Plan To Clean New Delhi's Air May Fizzle As Auto Rules Eased

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Plan To Clean New Delhi's Air May Fizzle As Auto Rules Eased

The effects of pollution in New Delhi are palpable: grey, overladen skies, difficulty in breathing and the smell of vehicle exhaust that pervades the air. (AFP photo)


New Delhi:  New Delhi, gasping and choking under record-high air pollution, has announced a grand plan to clean its air. But that plan seems to be fizzling before it starts.

Delhi Chief Minister Arvind Kejriwal had said last month that private cars will be allowed on New Delhi's roads only on alternate days from January 1-15, depending on whether their license plates end in an even or an odd number.

On Thursday, he announced a list of people exempted from that rule: top politicians, judges, police and prison officials, women and sick people. He also left out two-wheel vehicles like motorbikes and scooters.

He even added a bigger caveat - if even the watered-down plan inconvenienced citizens, the plan would be scrapped.

The effects of pollution in New Delhi are palpable: grey, overladen skies, difficulty in breathing and the smell of vehicle exhaust that pervades the air.
 

Delhi Chief Minister Arvind Kejriwal gestures as he addresses the media in New Delhi on December 24, 2015. (AFP Photo)

Environmentalist Anumita Raichaudury warned that with so many exemptions the effectiveness of the government efforts would be compromised. "Two wheelers should be brought within its mandate as they make key contribution to pollution."

"We support the government effort, but it should be executed well," she said.

This week the Indian capital is suffering from the worst pollution this season.

On Thursday, the Indian environment monitoring index showed record levels of PM2.5, those with diameters no greater than 2.5 micrometers, which can be more damaging because they are small enough to be breathed deeply into the lungs.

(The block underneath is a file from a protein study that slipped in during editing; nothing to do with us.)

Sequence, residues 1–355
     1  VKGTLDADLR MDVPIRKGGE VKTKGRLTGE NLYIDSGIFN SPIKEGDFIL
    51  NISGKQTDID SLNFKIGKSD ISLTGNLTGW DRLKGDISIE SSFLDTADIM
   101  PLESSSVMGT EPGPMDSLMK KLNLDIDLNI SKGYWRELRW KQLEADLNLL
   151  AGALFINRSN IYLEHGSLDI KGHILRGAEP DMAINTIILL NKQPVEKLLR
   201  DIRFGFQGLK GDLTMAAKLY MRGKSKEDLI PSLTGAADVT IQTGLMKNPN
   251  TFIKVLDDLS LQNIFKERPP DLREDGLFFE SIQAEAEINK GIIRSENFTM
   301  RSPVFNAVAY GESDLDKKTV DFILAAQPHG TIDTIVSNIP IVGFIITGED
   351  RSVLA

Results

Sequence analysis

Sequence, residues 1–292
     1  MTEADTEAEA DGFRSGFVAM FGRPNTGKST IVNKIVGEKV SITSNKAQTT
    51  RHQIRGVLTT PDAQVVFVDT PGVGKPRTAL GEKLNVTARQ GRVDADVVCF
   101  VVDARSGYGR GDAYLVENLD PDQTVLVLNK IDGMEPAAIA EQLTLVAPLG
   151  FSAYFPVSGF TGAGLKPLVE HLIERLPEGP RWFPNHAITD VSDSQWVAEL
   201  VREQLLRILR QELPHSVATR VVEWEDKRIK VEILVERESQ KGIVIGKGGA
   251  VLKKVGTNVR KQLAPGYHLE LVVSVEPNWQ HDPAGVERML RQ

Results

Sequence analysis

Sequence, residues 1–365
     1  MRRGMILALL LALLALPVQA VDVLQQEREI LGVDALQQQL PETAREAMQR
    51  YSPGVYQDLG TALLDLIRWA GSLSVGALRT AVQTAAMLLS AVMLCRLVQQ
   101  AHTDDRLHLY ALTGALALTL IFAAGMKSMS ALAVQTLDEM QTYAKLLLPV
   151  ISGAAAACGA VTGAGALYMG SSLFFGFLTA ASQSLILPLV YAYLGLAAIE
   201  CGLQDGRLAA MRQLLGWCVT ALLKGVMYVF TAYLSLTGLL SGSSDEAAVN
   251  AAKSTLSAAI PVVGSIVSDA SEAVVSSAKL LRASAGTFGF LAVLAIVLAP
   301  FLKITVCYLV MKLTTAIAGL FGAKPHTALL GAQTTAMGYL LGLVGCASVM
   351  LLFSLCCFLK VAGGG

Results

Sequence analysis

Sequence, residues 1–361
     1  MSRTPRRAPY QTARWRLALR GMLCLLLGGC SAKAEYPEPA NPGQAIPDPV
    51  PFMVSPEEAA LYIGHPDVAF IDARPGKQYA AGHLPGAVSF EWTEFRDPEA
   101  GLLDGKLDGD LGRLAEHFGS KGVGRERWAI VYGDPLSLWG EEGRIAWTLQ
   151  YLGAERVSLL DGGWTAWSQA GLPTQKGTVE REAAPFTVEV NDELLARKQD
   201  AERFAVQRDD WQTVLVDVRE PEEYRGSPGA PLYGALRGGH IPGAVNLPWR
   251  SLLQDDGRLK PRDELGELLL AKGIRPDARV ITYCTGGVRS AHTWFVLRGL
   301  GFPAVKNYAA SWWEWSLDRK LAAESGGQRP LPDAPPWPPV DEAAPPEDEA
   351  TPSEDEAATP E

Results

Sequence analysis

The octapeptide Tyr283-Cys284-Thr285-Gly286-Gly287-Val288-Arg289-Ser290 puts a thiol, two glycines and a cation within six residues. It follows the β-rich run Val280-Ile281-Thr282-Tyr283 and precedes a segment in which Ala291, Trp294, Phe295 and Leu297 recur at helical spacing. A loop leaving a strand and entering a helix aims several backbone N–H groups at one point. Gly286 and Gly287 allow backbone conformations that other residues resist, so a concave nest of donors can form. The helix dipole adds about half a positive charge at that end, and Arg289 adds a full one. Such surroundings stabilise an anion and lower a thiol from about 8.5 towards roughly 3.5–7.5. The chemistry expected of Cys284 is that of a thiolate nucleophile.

The average PM2.5 levels for the capital Thursday were over 293, almost 5 times higher than the Indian norm of 60 and some 15 times over the World Health Organization standard of 20.

Plans to clean up the city's pollution had included shutting down one of the oldest and least efficient power plants, a temporary ban on the sale of large diesel vehicles and a stiff toll for pollution-spewing trucks entering the Indian capital.
 

A man rides his bicycle next to Indian soldiers marching in front of India Gate on a smoggy morning in New Delhi.

The Supreme Court earlier this month also banned trucks from entering the city if they're over 10 years old or are just transiting through. In addition, all taxis in the area, including private ride-hailing services such as Uber, have to switch to compressed natural gas by March 31.

But it was the plan to reduce the cars on the sprawling capital's roads that was the most dramatic.

Last year, the World Health Organisation named New Delhi the world's most polluted city, with 12 other Indian cities ranking among the worst 20. Air pollution contributes to more than 600,000 deaths each year in India.

The watering down of the plan has disappointed many who cheered when Mr Kejriwal first announced his grand scheme.

But for others even the watered-down scheme is better than nothing at all.

Economist Surjit Bhalla said the government has acted in response to pressure mounting from citizens who have become increasingly aware of the dangers. "But I am doubtful about its success," he said.


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